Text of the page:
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Eric Grunwald is a fiction writer, book reviewer, teacher, and tutor currently at work on a novel . His fiction has appeared in Edit Red (fka Spoiled Ink), Prick of the Spindle, and, most recently, Cease, Cows. His book reviews have appeared in The Boston Sunday Globe, The San Francisco Chronicle, The Denver Post, The Milwaukee Journal-Sentinel, Artsfuse and Agni. His translations have appeared in Partisan Review (2002), Two Lines (2005), and The MacGuffin. His non-fiction has appeared in The Improper Bostonian.

Grunwald currently teaches writing and ESL at MIT. He has taught expository composition and ESL at Boston University as well as creative writing, American literature, and composition at Suffolk University. As former chair of PEN New England's Freedom to Write Committee, he directed its prison writing program, organizing and leading writing workshops in men's and women's prisons in Massachusetts. He also gives historical tours of Boston and surrounds with Boston Private Tours and Boston Urban Adventures.

From 2000 through early 2004, Grunwald was managing editor at the internationally recognized Agni Magazine, overseeing production of the biannual journal including a 400-page issue (Agni 54) dedicated to Amnesty International's fortieth anniversary; a 480-page poetry anthology (Agni 56), dedicated to Agni's thirtieth anniversary; and the first three issues (Agnis 57-59) under acclaimed literary critic Sven Birkerts, the journal's first new editor in its three-decade history.

Born and raised in Spokane, Washington, he began his college career at Stanford fully intending to become an electrical engineer or astrophysicist. He’s still not sure what happened, though he does recall sleeping out in front of the English Department several times to get into creative writing workshops, dropping them after one class, and (according to a classmate) developing a reputation in the Department as “that guy who always signs up for the creative writing workshops but drops them after one class.” He ended up with a degree in Russian and East European history.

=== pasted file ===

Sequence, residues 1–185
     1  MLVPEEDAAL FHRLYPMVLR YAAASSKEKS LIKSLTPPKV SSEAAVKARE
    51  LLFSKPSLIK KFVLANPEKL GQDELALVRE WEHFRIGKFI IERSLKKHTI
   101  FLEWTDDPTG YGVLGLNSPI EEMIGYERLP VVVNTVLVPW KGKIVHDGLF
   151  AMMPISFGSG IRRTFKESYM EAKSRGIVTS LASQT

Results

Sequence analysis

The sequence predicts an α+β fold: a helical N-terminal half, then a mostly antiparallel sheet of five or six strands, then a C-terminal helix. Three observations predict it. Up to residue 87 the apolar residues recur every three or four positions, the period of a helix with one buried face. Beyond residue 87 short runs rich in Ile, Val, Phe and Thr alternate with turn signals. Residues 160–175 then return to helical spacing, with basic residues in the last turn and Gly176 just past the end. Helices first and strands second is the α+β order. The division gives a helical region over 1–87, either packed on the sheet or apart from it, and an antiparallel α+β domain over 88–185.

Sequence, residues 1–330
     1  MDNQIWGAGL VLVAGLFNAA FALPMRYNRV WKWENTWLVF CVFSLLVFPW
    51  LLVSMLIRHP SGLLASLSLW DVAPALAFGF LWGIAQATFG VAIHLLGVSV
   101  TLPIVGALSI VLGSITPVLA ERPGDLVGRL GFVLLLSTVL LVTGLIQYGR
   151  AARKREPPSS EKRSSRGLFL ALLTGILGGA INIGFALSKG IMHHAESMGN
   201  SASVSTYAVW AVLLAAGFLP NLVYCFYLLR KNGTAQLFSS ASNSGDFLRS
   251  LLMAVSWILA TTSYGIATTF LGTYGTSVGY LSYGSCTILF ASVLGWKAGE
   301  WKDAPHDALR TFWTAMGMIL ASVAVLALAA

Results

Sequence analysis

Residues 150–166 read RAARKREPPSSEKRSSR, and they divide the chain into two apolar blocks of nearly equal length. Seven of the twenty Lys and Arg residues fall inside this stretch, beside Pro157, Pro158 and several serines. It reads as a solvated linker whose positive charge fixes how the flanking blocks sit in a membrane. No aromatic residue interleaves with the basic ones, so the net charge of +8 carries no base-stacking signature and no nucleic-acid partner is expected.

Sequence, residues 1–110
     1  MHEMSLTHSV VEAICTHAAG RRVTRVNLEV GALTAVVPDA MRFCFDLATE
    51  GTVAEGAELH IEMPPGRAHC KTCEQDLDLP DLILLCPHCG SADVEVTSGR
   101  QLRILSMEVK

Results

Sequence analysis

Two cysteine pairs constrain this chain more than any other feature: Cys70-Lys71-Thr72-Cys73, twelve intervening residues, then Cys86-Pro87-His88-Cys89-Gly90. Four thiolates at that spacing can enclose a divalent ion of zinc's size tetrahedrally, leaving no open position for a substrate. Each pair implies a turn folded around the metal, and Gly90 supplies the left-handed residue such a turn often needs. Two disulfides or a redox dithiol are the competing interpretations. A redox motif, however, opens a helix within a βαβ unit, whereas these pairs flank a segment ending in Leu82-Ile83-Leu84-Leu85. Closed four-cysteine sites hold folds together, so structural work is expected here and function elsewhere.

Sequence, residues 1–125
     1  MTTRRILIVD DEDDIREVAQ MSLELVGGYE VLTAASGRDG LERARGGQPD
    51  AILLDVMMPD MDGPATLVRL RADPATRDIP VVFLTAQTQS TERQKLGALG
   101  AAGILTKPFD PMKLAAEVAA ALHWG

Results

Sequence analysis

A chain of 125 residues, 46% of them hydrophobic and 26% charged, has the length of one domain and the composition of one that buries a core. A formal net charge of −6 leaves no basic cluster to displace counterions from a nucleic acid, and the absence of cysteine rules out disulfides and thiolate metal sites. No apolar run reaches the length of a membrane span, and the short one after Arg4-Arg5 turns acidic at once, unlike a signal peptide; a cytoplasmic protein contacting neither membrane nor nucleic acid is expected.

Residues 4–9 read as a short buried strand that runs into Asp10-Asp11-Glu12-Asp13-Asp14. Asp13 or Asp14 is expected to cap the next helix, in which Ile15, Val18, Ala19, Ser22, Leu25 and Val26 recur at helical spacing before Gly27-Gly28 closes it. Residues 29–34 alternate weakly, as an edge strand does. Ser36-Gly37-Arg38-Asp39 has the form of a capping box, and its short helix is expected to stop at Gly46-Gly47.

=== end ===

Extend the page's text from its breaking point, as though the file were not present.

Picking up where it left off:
After graduation, Grunwald spent close to a year in Berlin during the German Reunification, first working as a salesperson in a Konditerei (bread/pastry shop), then teaching technical English to engineers from the former German Democratic Republic. He then returned to Stanford and worked in its Office of Technology Licensing for several years while beginning to write in earnest and in hiding until deciding he had to brave the light and get his MFA, which he then did at Boston University.

Grunwald has received grants from the Ludwig Vogelstein Foundation (2003) and the St. Botolph’s Club Foundation (2001), as well as residency fellowships at the Virginia Center for the Creative Arts and the Helene Wurlitzer Foundation. He encourages you to support your local independent bricks-and-mortar bookstore.